Universal Design

Universal Design

Playground design has evolved over the years to offer a wide array of equipment and features from traditional steel structures fixed in concrete and arranged in a row to contemporary structures with imaginative and innovative elements to engage children’s interest.1

Playground design has been affected by the Americans with Disabilities Act, which was signed in 1990 to assure full equality for people with disabilities.2 However, to satisfy the requirements, accessible playgrounds have often been designed to only allow an accessible route to the playground equipment with little thought of providing inclusive play with others.3 Accessible design tends to focus on the minimum requirements for a select group of users.4

A group of architects, product designers, engineers, and environmental design researchers collaborated to produce guideline principles for “the design of products and environments to be usable by all people, to the greatest extent possible, without the need for adaptation or specialized design.”5 These principles consider the broader needs of the population, and the design concept was called universal design.6

The seven Principles of Universal Design are:

  • PRINCIPLE ONE: Equitable Use - The design is useful and marketable to people with diverse abilities.
  • PRINCIPLE TWO: Flexibility in Use - The design accommodates a wide range of individual preferences and abilities.
  • PRINCIPLE THREE: Simple and Intuitive Use - Use of the design is easy to understand, regardless of the user's experience, knowledge, language skills, or current concentration level.
  • PRINCIPLE FOUR: Perceptible Information - The design communicates necessary information effectively to the user, regardless of ambient conditions or the user's sensory abilities.
  • PRINCIPLE FIVE: Tolerance for Error - The design minimizes hazards and the adverse consequences of accidental or unintended actions.
  • PRINCIPLE SIX: Low Physical Effort - The design can be used efficiently and comfortably and with a minimum of fatigue.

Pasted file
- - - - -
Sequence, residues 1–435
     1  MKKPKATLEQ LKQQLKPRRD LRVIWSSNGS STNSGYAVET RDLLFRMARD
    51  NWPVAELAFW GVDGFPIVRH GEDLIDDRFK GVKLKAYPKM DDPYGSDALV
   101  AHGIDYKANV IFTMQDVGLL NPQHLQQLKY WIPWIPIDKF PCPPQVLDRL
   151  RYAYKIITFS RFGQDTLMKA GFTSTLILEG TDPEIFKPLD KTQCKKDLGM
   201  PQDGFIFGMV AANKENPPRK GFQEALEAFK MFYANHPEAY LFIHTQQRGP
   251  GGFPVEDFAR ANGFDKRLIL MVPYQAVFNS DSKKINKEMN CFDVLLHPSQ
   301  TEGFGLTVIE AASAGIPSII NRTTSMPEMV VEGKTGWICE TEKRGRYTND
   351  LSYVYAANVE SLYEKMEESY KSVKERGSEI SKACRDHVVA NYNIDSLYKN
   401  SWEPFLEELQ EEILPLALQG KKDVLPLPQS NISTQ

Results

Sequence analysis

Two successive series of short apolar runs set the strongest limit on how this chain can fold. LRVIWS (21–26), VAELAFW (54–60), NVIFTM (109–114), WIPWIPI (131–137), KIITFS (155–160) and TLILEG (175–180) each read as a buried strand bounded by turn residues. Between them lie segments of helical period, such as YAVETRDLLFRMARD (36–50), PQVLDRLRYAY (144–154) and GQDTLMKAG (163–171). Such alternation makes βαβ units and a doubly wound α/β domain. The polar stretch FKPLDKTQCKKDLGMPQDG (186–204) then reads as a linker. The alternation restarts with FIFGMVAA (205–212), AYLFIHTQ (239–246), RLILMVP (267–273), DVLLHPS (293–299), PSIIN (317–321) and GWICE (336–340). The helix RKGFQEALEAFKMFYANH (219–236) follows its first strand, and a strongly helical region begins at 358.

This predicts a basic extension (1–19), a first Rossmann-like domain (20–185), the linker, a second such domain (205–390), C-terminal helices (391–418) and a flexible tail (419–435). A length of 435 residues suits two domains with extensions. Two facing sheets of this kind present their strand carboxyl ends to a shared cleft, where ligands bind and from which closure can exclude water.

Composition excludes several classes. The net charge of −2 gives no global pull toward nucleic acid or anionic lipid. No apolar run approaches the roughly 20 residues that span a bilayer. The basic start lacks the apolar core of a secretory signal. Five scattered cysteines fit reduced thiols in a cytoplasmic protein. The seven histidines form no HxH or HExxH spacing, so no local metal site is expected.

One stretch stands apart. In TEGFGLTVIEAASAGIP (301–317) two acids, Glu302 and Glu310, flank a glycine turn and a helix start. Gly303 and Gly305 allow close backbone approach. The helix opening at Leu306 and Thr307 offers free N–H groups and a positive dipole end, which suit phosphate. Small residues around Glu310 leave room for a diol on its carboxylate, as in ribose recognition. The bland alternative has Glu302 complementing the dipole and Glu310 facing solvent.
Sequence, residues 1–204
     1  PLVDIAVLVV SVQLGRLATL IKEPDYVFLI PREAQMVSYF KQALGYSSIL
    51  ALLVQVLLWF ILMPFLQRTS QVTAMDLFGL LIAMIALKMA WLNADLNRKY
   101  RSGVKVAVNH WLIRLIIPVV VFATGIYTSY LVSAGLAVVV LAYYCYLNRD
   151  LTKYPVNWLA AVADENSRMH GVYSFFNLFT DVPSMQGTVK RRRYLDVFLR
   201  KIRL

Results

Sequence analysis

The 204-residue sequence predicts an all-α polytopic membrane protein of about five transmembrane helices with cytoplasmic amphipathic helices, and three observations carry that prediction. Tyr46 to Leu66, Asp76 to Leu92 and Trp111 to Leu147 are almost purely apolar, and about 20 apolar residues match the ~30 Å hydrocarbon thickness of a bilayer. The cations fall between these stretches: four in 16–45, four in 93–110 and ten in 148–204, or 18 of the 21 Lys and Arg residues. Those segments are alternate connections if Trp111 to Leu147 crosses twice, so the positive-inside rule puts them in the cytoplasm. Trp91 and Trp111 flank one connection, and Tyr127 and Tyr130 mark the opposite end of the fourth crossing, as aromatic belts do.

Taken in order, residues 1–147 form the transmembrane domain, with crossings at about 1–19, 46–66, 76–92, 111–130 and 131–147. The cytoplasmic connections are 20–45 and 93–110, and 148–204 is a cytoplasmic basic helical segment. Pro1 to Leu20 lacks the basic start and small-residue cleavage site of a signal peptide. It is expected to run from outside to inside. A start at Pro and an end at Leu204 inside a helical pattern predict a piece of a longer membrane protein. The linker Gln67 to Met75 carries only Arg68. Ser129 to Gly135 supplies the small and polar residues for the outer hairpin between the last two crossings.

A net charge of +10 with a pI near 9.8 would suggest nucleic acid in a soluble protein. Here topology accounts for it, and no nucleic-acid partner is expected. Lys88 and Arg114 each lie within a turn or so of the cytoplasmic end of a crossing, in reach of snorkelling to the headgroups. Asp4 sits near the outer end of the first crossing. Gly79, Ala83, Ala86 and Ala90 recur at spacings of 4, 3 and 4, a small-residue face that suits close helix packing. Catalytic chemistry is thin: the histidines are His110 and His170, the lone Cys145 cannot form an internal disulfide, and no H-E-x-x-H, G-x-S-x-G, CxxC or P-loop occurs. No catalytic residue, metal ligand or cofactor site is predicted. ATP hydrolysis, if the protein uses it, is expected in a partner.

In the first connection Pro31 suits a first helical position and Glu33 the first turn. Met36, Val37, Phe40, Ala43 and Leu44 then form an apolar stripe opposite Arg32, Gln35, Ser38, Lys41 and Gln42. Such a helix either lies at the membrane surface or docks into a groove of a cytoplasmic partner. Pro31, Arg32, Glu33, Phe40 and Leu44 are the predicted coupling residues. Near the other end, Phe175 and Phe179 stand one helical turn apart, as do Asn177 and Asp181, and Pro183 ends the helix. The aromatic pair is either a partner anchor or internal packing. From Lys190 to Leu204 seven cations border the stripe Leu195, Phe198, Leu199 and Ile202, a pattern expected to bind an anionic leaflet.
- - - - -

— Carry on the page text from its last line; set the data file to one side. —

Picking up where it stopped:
• PRINCIPLE SEVEN: Size and Space for Approach and Use - Appropriate size and space is provided for approach, reach, manipulation, and use regardless of user's body size, posture, or mobility.7

The purpose for utilizing the Principles of Universal Design for children’s playgrounds is to provide “inclusive play where every child, regardless of ability or disability, is welcomed and benefits physically, developmentally, emotionally and socially from the environment.8

  • 1. Frost, Joe L. Play and Playscapes. Albany, NY: Delmar Publishers Inc., 1992. pp. 133-134.
  • 2. Ibid. p. 297.
  • 3. Kaplan, Mara and Ian Proud. “Play for All – Thinking Outside the Ramp.” Accessible Playgrounds. < http://www.accessibleplayground.net/?p=2079 > 7 July 2011.
  • 4. Skulski, Jennifer K. “Designing for Inclusive Play: Applying the Principles of Universal Design to the Playground.” National Center on Accessibility. < http://www.ncaonline.org/?q=node/331 > 7 July 2011.
  • 5. “The Principles of Universal Design.” North Carolina State University. The Center for Universal Design. < http://www.ncsu.edu/project/design-projects/udi/center-for-universal-design/the-principles-of-universal-design/ > 7 July 2011.
  • 6. Op. cit., Skulski.
  • 7. Op. cit., “The Principles of Universal Design.”
  • 8. Op. cit., Skulski.